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President Trump's More Polished and Presidential Tone; Trump Speech Disheartens Deported Mom's Kids; Trump Pays Tribute to Fallen Navy Seal; Aired 8:30-9a ET

Aired March 1, 2017 - 08:30   ET

THIS IS A RUSH TRANSCRIPT. THIS COPY MAY NOT BE IN ITS FINAL FORM AND MAY BE UPDATED.


[08:30:00] CHRIS CUOMO, CNN ANCHOR: Certainly a stark contrast to his inaugural address. Take a look at the difference.

(BEGIN VIDEO CLIP)

DONALD TRUMP, PRESIDENT OF THE UNITED STATES: This American carnage stops right here and stops right now.

I'm here tonight to deliver a message of unity and strength, and it is a message deeply delivered from my heart.

The wealth of our middle class has been ripped from their homes and then redistributed all across the world.

A new surge of optimism is placing impossible dreams firmly within our grasp.

We will no longer accept politicians who are all talk and no action.

Solving these and so many other pressing problems will require us to work past the differences after party.

(END VIDEO CLIP)

ALISYN CAMEROTA, CNN ANCHOR: All right. Let's get the thoughts of our all-star panel. We have CNN political commentator Ana Navarro, CNN political commentator and former White House communications director Jennifer Psaki, and former White House press secretary Ari Fleischer.

Great to have all of you here this morning with us.

Ana, your thoughts on last night's speech.

ANA NAVARRO, CNN POLITICAL COMMENTATOR: Whatever they slipped in his Coca-Cola in the afternoon, they need to keep giving it to him, hopefully intravenously every night.

(LAUGHTER)

NAVARRO: Look, he -- you know, who knew he was capable of sounding sane for a prolonged period of time? Who knew he had the attention span to actually stick to the teleprompter and be coherent? Who knew that he could be unifying? He finally came out and vociferously, full throatedly condemn anti-Semitic acts. That was a great way to start, a great unifying, and so needed way to start. The things that are happening around the country in JCC centers, Jewish community centers and grave -- you know, with the gravestones is just horrific.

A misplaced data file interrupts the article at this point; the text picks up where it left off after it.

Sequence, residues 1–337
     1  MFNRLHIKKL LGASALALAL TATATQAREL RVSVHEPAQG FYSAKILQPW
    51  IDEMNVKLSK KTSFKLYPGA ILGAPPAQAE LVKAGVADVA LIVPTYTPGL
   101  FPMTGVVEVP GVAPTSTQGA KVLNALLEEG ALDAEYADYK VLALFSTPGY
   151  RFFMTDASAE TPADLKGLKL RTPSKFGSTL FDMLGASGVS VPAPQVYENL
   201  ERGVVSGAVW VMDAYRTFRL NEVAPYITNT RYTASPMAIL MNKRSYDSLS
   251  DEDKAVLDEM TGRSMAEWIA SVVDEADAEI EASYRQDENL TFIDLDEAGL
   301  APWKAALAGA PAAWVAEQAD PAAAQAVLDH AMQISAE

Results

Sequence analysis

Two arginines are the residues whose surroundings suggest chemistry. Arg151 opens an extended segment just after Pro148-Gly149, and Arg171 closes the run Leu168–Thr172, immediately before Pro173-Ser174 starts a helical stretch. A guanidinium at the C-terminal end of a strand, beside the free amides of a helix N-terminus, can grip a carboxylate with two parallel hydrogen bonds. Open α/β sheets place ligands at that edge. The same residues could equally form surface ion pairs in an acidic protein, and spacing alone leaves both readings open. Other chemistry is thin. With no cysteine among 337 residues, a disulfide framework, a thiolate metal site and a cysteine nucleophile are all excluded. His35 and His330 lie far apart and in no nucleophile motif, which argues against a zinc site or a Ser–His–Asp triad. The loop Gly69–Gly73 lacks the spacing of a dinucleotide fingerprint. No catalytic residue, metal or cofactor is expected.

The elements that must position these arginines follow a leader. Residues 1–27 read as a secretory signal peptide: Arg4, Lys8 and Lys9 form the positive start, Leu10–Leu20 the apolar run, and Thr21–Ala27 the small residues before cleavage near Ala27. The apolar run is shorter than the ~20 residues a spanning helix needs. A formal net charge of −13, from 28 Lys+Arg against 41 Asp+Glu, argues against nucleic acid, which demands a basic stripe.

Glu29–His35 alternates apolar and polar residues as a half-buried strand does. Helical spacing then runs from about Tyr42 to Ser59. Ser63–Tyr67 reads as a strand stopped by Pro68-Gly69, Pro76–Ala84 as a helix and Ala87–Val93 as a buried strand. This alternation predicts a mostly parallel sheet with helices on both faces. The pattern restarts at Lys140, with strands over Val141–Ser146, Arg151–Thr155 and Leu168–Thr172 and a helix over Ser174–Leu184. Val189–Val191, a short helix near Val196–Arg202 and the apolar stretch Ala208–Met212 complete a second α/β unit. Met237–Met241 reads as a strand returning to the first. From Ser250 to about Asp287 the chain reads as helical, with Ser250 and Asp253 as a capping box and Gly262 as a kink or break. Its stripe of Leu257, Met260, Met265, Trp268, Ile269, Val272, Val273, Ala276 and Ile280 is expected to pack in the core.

And so I think -- you know, there's tone and there's substance, for those of us who oppose him, our expectations on him on both were so low and yesterday he really exceeded my expectations on tone. He I thought sounded presidential for the first time ever.

CUOMO: Well, a spoonful of sugar helps the medicines go down. Right?

(LAUGHTER)

CUOMO: A lot of what he put in that speech upset Democrats.

ARI FLEISCHER, FORMER WHITE HOUSE PRESS SECRETARY: What was that? Mary Poppins.

CUOMO: Mary Poppins. Put a lot of Democrats still ill at ease about what he was doing about immigration and some of his other versions of reality. But the way he did it wound up changing how it was taken even by the hardest on the left yet.

FLEISCHER: There's a powerful lesson now going forward. Let's look through what this could mean for the future. And as a president who enjoys reading his clips and thrives on what people are saying about him, if he realizes the power of the presidency derives from strength and leadership, far more than from counter puncher this can be a powerful change now in how Donald Trump leads.

And if he does that, as you've seen from the CNN polls last night, the number of people who watched who believe now America is in the right direction under his leadership is increasing sharply. As opposed to last fall when two-thirds of the American people said the country was on the wrong direction. He has the ingredients to be a successful, popular president. A tone like last night will help him get there.